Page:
In my 28-years of being alive and being single through a solid chunk of it, I’ve had the pleasure of dating a variety of dudes. I’ve dated the d-bags. Dated some good guys. I’ve dated some great guys but bad matches, and I’ve also dated some freaks, geeks and total weirdos (in the best and worst ways). It’s hard to nail down my type if you lined up a row of dudes I’ve dated, even if just briefly. It’s a wide array but there’s always certain types that I always run into. But you know what I’ve also encountered a lot of in my years of dating and have been plagued by lately? The self-proclaimed “Nice Guy” dealing with a heavy dose of “Nice Guy Syndrome”.
Cue the GROANs and prepare yourself for a slightly self-indulgent rant about “nice guys.”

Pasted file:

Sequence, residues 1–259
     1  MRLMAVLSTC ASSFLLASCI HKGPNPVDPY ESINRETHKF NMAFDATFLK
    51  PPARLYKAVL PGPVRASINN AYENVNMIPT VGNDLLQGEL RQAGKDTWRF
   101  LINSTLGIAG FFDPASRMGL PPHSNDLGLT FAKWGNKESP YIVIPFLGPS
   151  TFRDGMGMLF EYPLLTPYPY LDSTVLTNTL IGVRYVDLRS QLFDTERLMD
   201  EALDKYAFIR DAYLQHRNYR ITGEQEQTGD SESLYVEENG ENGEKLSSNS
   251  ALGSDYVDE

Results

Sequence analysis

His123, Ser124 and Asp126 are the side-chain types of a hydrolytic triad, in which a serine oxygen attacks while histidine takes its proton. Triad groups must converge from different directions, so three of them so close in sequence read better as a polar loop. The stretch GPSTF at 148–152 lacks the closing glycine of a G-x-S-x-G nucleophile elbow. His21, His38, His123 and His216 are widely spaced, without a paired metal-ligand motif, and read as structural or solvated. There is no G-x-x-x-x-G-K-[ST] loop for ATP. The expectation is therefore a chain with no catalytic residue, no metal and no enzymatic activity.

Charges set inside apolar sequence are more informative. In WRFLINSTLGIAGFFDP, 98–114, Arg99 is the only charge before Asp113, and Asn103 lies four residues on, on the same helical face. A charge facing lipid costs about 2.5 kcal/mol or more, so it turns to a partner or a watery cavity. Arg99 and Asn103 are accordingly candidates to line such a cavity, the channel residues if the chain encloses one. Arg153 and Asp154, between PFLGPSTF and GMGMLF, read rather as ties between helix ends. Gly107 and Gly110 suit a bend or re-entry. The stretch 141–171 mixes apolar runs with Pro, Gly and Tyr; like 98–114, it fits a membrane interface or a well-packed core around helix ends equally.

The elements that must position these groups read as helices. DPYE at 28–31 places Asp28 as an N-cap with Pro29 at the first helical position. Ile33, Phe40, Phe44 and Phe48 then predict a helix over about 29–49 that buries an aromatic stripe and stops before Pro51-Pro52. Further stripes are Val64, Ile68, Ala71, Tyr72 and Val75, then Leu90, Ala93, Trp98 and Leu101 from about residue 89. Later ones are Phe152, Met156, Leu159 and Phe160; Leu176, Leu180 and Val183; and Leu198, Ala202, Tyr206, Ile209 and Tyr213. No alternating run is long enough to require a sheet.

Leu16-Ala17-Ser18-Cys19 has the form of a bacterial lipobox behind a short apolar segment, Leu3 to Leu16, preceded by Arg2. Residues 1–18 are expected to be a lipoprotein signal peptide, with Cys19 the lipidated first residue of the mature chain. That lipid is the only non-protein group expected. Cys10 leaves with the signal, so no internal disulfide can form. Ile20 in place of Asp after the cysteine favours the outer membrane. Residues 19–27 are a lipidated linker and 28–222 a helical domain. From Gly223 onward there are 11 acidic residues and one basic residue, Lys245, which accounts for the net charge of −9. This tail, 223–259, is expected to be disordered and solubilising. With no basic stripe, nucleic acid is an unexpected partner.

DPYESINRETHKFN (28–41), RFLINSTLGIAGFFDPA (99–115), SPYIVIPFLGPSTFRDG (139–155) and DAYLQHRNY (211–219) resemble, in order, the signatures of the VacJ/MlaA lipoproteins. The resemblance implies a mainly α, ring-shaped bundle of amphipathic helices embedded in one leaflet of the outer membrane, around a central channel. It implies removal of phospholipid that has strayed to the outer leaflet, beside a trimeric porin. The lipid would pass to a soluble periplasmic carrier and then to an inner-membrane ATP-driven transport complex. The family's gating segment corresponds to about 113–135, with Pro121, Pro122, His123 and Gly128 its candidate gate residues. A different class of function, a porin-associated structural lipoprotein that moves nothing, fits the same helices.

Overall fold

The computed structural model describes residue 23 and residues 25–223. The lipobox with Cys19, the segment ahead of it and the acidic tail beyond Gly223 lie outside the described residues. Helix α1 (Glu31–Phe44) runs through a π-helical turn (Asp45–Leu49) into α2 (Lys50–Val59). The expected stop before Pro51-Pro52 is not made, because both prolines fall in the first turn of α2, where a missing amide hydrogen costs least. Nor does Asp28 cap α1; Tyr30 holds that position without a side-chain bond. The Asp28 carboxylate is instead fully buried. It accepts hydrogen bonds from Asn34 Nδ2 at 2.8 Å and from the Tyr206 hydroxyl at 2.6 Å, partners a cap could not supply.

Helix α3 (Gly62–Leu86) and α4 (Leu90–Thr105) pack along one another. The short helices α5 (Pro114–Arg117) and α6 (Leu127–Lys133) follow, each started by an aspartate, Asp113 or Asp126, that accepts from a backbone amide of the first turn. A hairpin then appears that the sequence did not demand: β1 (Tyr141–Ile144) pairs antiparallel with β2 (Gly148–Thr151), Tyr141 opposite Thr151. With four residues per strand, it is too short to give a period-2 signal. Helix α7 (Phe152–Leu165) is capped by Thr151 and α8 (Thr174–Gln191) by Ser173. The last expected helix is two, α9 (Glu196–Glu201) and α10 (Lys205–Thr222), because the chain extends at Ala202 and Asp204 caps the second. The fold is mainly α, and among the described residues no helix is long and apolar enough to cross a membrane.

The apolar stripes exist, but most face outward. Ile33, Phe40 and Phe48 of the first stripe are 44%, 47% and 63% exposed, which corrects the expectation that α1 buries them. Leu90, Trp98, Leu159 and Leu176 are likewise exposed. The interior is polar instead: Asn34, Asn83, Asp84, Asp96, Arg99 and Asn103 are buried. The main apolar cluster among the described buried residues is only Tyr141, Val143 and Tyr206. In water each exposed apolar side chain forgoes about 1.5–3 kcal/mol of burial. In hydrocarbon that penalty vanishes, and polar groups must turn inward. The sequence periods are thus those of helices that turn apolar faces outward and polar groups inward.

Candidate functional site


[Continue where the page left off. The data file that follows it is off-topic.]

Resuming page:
Self-Proclaimed Nice Guys and the “Nice Guy Syndrome” Defined
The Nice Guy Syndrome MIGHT be my least favorite kind of douche bag. If you can have favorite douche bags.
The manipulation, level of entitlement and the overall degrading perception of women these men have make them a special kind of awful. What’s worse is, most of the time these types of men are so convinced that they are indeed the victim of any given situation, that they are utterly and completely oblivious to their superb level of asshattery.
Now, before I dive into how to recognize and avoid these special breeds of dickheads, let’s talk about the “Nice Guy Syndrome” and “Self-Proclaimed Nice Guys”.
This is not an official syndrome so I’m pulling an Urban Dictionary definition and quoting the Independent on your lovely asses:
“Men who complain that they are unlucky in love despite their ‘nice guy’ persona may have a sinister agenda… Dr Robert Glover, who’s studied the issue, says these men are often trying to form “covert contracts” with the target of their affections.”Rachel Hosie
According to Urban Dictionary: